Thursday, July 17, 2008

About Your Pesky Editor

Okay folks...what do you say when your editor takes a look at the revisions on your beloved MS, and then slices it, dices it, has it for brunch, and then spits it out?

Ahh...Bon Appetite, of course.

And how would you know since nothing remotely like this has ever happened to you, right?
Come on now, we all know how it works, and how it hurts, oh soooo bad. But listen, if editors could write, they would be writing and making tons of money. They do what they do best: they edit and critique.

They look at your so-called masterpiece, the one that you've slaved over for the past year and butcher it to pieces. And of course, they always make a good point. Or two, or three. You get the idea. Editors can see what we cannot, and they know what we don't know. We're usually focused on telling a story, and getting our characters to do what they do. And so, we get lost in a rhythm, (just talking myself down from the last revision folks) and in all the telling, and all the narrative and all that fantastic dialog.

Meanwhile, editors think like...editors. They watch out for all the passive sentence construction, the embarrassing typos, the split infinitive's, the run on sentences, the dangling and the wangling, and the structure of it all. And who knows what else? Well, I know of a lot more but I don't have all day to list it here.

But here's the point: Yes, editors can be ruthless at times, and honest and very transparent and they basically pull no punches. And that's the way it should be. Who wants an editor that doesn't help make your story better? An editor that helps make your work shine will labor hard and doesn't tell you what you want to hear. They make corrections, offer suggestions and point out all the inaccuracies that one tries to get away with. (It is fiction, after all. Right.)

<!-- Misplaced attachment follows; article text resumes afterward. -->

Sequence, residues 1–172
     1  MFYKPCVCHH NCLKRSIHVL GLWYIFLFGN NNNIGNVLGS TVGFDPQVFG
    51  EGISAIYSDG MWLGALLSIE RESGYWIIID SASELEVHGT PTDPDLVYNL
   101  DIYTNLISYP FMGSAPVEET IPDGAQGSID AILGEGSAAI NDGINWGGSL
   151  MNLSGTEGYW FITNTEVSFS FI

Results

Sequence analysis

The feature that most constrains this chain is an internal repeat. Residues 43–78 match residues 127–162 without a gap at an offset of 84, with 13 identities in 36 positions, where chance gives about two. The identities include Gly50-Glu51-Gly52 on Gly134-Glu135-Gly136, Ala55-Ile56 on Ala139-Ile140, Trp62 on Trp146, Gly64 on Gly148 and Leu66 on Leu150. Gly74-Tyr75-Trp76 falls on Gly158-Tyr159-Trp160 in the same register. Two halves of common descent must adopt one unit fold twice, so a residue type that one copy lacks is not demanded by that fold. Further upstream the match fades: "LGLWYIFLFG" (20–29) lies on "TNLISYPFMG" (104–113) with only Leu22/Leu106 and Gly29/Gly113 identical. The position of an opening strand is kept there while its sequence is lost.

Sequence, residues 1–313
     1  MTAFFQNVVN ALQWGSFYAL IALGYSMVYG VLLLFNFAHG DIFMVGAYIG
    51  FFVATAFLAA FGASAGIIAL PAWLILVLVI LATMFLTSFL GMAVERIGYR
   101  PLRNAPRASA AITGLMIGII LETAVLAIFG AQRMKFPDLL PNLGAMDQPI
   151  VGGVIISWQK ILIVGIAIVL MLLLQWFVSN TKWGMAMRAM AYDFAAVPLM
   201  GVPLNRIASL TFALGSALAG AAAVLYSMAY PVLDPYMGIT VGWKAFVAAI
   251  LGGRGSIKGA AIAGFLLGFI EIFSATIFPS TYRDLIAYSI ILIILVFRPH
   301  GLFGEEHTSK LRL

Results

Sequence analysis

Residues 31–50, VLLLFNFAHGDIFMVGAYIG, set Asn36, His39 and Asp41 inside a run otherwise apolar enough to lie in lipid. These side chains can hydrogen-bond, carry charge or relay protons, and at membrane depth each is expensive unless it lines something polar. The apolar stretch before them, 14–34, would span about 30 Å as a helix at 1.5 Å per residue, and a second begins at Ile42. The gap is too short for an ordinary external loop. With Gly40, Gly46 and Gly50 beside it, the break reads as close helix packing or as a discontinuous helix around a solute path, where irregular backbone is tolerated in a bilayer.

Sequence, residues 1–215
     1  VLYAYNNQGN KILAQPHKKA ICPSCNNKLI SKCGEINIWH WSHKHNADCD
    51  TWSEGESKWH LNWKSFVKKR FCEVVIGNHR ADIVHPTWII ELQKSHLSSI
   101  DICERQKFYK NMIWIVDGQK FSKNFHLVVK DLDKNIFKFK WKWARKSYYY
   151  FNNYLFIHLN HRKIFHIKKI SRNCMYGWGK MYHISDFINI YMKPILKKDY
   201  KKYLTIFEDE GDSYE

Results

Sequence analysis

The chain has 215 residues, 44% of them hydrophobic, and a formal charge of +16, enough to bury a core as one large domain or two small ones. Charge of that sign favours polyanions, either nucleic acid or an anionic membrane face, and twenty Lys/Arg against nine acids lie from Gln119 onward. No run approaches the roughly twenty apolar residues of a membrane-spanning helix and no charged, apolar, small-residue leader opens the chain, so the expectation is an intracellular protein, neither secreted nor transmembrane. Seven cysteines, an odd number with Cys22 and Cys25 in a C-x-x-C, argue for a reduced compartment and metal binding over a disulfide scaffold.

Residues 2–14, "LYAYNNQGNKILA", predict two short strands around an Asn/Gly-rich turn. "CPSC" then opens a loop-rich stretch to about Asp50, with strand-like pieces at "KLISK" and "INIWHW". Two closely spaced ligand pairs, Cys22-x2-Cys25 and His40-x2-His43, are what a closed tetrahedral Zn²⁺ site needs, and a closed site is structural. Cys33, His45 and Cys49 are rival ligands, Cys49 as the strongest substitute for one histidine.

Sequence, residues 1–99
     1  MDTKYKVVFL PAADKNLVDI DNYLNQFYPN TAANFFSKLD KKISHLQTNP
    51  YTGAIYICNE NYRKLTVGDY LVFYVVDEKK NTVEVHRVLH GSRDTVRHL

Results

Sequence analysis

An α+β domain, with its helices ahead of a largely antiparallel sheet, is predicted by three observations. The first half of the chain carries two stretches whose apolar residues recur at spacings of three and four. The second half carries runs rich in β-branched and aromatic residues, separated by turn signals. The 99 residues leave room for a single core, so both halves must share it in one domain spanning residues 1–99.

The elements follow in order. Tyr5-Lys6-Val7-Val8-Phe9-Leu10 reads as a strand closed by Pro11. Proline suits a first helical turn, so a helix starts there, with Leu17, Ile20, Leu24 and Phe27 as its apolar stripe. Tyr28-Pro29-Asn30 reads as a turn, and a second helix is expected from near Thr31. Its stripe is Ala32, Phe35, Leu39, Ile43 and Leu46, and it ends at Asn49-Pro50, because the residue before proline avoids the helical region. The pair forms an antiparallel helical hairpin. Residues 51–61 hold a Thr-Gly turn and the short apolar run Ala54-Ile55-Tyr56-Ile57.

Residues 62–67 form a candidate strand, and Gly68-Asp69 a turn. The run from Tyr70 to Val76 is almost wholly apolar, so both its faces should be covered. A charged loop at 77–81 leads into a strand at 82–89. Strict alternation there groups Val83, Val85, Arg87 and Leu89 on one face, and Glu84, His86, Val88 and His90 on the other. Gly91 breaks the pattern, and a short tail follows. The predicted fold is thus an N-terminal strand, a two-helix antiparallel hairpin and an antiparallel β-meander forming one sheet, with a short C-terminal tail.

Heck, just look at the professional reviews for so many published books out there, already on the bookshelves. They often don't fare much better, even after publication.

There are no perfect books, or perfect stories of any kind, as we all know, however, the goal is to come as close to perfection as one can get. And that goal, simply cannot be done without another pair of eyes that can catch all the mistakes that keep one from publication. (If an agent can smell money in your MS, you're in. They could care less about inaccuracies.)

That's where our trusty editor comes in. They know what agents are looking for and they steer you in the right direction. And I for one am very grateful to have one of the best editors I could ever ask for.

Here's where you can find more of them. Click on the Headline hyper-link for the website where you can post your editing job for hire.

Good luck!